Friday, April 29, 2005


Check out this article--a brief analysis of Russia. Interesting, despite being brief.

Thursday, April 14, 2005


A couple years ago, having just moved to Boston, I had the embarassing experience of being denied the right to purchase alcohol. The reason?

"Boston law won't let us accept out-of-state drivers licenses." Accompanied by a glare that implied I was a first-class brand of idiot--just the sort to be so stupid as to neglect being born and raised in Boston.

"B-b-but it's a driver's license. There's my date of birth." But I pointed and stuttered in vain.

"Nope," she said. "We accept passports, though, if you have that with you." Some comfort, that. Sure, I carry my passport with me. Along with my birth certificate and my college diploma. Yeah right.

"Or you can purchase your very own Massachusetts Alcohol Purchasing Identification Card." She grinned like it was some sort of privilege. "Only 50 bucks, with a 15-day waiting period."

My eyes bugged out. Angry retorts flashed through my mind. I bit my tongue and left.

Driving home, seething against the police state in which I had somehow found myself and thinking that I'd had more respect shown me overseas (silly me, I had my passport with me then), I found myself considering the gay marriage issue and the Constitutional clause of "full faith and credit" by which supposedly Massachusetts was about to impose the practice on the rest of the country, and wondering if drivers licenses fell under the protection of said clause. Briefly wondered if I could get someone in trouble by suing. Dismissed it as ridiculous and dug out my passport. But every time I bought alcohol (and especially the time the store refused to sell to me, even though I had my passport, because my wife was with me and her license was out-of-state), I seethed again and consoled myself with the thought of how I could sue their butts off if I wanted to.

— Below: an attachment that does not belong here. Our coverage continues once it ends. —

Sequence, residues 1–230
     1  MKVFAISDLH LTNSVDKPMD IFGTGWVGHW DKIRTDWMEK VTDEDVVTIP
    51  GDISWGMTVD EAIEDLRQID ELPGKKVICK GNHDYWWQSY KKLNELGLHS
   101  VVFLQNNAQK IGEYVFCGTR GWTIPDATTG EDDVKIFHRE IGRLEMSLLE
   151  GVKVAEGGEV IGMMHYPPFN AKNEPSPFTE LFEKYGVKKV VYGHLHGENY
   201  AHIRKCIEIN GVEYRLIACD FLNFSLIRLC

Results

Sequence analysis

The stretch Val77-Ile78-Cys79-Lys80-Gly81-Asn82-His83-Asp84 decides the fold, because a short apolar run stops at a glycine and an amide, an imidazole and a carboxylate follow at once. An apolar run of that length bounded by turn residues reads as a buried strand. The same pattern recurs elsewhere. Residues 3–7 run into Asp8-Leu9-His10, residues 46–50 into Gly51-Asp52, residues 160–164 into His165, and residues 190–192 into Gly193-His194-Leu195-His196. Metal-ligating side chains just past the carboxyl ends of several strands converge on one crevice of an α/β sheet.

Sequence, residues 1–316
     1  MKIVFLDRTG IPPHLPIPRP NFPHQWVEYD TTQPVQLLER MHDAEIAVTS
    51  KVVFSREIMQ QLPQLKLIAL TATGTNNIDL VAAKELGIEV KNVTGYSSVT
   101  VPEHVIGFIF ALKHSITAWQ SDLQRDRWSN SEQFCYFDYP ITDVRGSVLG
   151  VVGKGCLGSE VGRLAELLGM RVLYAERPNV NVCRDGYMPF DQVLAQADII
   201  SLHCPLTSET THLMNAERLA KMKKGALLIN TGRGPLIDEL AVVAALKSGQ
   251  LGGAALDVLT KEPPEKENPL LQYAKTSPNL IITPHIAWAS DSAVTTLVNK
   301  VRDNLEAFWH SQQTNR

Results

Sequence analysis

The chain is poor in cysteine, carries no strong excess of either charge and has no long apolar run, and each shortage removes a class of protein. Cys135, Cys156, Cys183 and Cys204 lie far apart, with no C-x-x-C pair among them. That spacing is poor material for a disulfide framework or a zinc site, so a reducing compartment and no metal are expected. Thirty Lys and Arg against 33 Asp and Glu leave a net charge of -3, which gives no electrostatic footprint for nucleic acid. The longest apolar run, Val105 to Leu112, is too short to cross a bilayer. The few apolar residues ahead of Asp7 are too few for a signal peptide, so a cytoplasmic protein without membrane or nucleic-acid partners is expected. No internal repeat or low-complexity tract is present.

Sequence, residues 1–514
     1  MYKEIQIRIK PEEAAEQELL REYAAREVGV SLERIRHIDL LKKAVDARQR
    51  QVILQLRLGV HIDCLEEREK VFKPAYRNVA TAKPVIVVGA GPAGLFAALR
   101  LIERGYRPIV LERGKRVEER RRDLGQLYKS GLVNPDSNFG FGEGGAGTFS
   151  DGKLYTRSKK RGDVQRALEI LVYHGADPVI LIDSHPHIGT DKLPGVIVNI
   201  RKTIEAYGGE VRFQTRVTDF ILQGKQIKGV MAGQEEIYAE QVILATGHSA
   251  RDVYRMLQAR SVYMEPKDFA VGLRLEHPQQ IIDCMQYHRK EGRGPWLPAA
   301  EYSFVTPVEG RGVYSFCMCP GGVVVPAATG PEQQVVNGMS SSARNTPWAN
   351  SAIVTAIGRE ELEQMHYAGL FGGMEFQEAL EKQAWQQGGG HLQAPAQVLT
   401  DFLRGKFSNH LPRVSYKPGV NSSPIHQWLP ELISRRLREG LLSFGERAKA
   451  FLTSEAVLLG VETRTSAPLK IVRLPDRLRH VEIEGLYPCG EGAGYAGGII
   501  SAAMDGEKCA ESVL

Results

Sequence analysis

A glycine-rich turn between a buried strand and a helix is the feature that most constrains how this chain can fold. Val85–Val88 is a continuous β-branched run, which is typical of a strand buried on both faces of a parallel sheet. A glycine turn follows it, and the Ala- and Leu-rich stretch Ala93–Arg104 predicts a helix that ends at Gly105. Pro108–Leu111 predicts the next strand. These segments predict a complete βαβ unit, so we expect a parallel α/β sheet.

Evidently, though, I can't. Someone already tried that argument. Evidently the law doesn't actually prohibit liquor stores from accepting out-of-state licenses. Rather, if the store sells to someone with an out-of-state license, and it turns out that the license is forged and the kid is underage, the law doesn't accept the reference to the out-of-state license as an acceptable excuse, and revokes their liquor license. Thus nicely circumventing "full faith and credit." It's the store's call, not the state's.

So I should have Googled first, and seethed later. But it still bugs me.